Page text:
I mentioned both 5 cm Per Second and My Neighbours the Yamadas in my last post, in the context of "I might talk about one or the other next time". Then I thought, "Well, they're practically polar opposites visually so why not talk about both?"
In brief: Yamadas is about visual spareness.5 cm is the opposite: it's about visual indulgence.
Personally I find Yamadas so visually pleasing it's one of the few examples of japanese animation which I prefer watching dubbed in English: it's just too appealing for me to want to spend lots of time reading subtitles (and I can read subtitles pretty quickly!)
While watching 5cm, though, I kind of felt overwhelmed. It gets jokingly called 5 Wallpapers Per Second, since you can do a frame-grab at pretty much any time and use the resulting image as a desktop wallpaper. But it kind of felt too...self-consciously pretty to me.
Everything is painted in lavish, slavish detail. The pacing is fairly slow, which I suppose makes sense, as you'd want to spend time looking at stuff like this. On the other hand, though, this much details feels kind of...oppressive, even aggressive, to me, so I can't really relax while watching it.
Matsuko Yamada knows how to enjoy the view. That's kind of how Yamadas makes me feel: like I can just take time out, sit back, and enjoy the natural peacefulness of life as it passes by.
Why not eat a banana while I'm at it?
Maybe I'm being a bit harsh on 5cm. Despite the mass of detail, the colours are almost always nice (as you'd expect from the Japanese), and, at least most of the time, the images still read reasonably well.
You do get the odd shot like this, though.
It's also not helped by the fact that the character animation really isn't up to the standard of the backgrounds.
Can't really show it in stills, of course, but, well, they're pretty wobbly. I don't mind the ultra-plain designs all that much, but the animators can't keep their faces (or hands, or limbs, or any other part) straight, which distracts a fair bit. That said, there's lots of very still shots so it's not always a problem.
Conversely, I find the animation in Yamadas as enjoyable as every other aspect of the film.
Even the most detailed and concentrated bits, such as the spectacular "journey of life" sequence at the beginning, are handled with a real control and lightness of touch so that they don't feel out of place with the rest of the film.Bonus random inbetween! This was a lucky frame-grab, I didn't even notice until I looked at the file.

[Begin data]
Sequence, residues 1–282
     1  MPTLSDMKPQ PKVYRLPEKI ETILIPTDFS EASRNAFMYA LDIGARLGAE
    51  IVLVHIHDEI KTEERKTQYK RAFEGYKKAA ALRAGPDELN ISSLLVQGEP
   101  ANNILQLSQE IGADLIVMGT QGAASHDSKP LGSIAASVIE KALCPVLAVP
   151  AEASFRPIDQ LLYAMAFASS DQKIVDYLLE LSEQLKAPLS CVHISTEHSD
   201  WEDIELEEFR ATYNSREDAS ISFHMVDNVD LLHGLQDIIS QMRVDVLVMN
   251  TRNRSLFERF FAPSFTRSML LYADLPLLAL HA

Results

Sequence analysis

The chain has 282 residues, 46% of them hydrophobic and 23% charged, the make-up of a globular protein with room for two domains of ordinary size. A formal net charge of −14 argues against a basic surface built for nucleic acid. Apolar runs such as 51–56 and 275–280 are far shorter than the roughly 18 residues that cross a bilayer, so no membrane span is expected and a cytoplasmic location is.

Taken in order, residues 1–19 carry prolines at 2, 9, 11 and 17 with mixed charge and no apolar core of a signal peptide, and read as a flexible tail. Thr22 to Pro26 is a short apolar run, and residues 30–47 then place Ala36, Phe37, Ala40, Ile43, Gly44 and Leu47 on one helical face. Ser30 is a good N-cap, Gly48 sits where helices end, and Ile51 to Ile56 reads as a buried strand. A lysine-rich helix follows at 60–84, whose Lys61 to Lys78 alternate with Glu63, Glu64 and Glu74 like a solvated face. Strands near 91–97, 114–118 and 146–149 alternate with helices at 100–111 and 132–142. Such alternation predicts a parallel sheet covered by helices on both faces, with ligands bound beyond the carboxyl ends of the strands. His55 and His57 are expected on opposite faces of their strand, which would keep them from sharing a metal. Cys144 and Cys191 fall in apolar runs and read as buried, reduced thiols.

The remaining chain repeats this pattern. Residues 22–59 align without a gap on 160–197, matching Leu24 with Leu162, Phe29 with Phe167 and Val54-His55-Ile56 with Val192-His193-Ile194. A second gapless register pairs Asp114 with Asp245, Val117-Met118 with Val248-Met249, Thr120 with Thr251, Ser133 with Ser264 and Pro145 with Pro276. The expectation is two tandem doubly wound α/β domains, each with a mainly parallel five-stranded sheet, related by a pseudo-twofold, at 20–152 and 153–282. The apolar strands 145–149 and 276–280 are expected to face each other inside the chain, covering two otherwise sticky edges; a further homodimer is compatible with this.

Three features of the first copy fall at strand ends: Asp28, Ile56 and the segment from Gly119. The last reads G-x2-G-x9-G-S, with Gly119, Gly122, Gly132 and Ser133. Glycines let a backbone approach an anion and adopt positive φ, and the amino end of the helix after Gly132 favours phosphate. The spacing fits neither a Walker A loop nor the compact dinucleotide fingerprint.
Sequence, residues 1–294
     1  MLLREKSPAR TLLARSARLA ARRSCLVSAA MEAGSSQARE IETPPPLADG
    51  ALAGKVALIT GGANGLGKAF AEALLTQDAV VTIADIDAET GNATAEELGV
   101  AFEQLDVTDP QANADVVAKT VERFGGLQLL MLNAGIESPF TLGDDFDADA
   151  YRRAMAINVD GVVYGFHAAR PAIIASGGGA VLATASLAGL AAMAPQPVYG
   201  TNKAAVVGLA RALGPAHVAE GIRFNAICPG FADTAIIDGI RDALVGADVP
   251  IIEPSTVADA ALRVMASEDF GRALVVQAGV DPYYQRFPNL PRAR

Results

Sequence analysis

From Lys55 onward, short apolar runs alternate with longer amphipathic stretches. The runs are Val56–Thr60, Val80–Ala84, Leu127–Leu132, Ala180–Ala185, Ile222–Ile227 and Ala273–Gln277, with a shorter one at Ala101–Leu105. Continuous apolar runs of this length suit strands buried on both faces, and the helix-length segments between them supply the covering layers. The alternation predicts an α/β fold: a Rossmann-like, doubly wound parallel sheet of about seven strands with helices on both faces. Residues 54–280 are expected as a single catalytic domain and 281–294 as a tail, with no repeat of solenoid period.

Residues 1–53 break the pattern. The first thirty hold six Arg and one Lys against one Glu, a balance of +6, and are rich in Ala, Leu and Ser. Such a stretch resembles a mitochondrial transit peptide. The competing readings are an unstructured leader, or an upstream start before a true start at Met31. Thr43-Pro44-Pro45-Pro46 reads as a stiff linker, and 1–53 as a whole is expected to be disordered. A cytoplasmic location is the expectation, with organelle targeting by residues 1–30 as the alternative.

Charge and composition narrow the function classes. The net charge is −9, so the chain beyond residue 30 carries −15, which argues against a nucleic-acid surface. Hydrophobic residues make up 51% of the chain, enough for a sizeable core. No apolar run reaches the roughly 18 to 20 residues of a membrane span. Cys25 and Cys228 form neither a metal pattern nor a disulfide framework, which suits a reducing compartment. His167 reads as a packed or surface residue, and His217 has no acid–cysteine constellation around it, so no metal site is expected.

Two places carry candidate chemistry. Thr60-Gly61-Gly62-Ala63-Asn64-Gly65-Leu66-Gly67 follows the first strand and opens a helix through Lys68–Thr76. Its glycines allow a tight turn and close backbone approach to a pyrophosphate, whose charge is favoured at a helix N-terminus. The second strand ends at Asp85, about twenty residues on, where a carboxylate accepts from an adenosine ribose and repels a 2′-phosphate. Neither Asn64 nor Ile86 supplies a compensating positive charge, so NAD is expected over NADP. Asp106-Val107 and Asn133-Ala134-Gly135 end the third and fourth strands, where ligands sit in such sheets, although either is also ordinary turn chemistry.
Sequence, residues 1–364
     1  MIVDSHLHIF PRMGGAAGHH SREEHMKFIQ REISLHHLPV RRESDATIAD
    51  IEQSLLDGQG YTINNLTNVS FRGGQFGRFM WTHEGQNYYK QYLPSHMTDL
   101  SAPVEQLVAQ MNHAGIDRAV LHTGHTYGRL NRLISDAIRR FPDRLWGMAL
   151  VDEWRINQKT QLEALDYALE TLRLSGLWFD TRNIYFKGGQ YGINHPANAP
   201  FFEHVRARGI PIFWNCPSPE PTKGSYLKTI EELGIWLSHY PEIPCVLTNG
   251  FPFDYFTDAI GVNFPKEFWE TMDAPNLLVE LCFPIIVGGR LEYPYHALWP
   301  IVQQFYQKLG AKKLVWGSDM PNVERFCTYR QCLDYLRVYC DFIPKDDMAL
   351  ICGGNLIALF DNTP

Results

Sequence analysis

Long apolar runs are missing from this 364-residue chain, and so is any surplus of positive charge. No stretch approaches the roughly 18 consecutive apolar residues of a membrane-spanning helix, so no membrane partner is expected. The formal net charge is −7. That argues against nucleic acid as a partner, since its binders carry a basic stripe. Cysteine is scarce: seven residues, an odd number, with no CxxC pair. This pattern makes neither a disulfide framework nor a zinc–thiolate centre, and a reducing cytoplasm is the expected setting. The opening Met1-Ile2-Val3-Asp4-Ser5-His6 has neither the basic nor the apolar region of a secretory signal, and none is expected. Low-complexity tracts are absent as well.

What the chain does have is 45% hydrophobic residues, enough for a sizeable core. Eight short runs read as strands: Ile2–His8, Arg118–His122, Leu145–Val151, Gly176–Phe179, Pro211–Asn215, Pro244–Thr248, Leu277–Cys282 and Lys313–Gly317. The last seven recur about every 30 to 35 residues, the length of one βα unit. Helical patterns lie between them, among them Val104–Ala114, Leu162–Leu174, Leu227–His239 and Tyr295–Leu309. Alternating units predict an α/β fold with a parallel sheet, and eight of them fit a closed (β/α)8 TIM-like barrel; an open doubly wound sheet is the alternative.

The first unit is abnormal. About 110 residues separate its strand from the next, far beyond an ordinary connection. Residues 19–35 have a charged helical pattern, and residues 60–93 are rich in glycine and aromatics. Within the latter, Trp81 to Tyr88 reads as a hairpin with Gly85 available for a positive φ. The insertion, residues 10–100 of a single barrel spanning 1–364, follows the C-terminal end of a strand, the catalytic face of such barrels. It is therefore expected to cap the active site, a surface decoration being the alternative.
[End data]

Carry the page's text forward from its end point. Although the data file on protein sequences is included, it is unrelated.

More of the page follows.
5cm does have some really nice atmosphere...
...but so does Yamadas.
5cm was also painted entirely digitally, which makes it feel pretty artificial. There's no real texture (you can occasionally see those dodgy sorts of digital-painting-marks in the clouds, too). While the characters in Yamadas were drawn and coloured digitally, I'm pretty sure the backgrounds were actually painted with watercolours. Bonus points for that.
Here's a little bit I really like. Takashi pulls his head back in through the car window...
...then winds it back up.You don't see any of the window or the door or the handle, but you know exactly what's going on. And the look of the film is so well thought-out and believable you completely buy it! Cleverness like this drives me bonkers!
I'm kind of just mouthing off here. My Neighbours the Yamadas is my second favourite Ghibli-movie-nobody's-ever-bloody-heard-of (Only Yesterday is my favourite, and you're all big losers for not knowing Isao Takahata's name). While getting frame-grabs for this I got 66 images, and spent a good while just watching random bits of it. I could only be bothered with 17 from 5 cm Per Second. I don't really dislike it or anything, I guess I just expected more (or maybe less) since it'd been hyped a fair bit before I got round to watching it (then again it's partly my own fault as I was very slow doing that and I let the hype build up). I did like some aspects of the story, though it didn't involve me emotionally like I expected (lots of people claim it's the greatest tearjerker ever), and it kind of fell apart at the end. I could watch Yamadas again and again, though, and talk about it forever.
Maybe I'll watch Only Yesterday again. Now THERE'S a film that makes me cry! Hey, maybe I'll talk about it some time! Then again I don't know if I'd be able to do anything other than reiterate the words of my former-tutor-now-employer Damian, who introduced me to it.
Also I'd need to find a better program to watch/take framegrabs from DVDs, since VLC is horeshit.
Go eat a pineapple!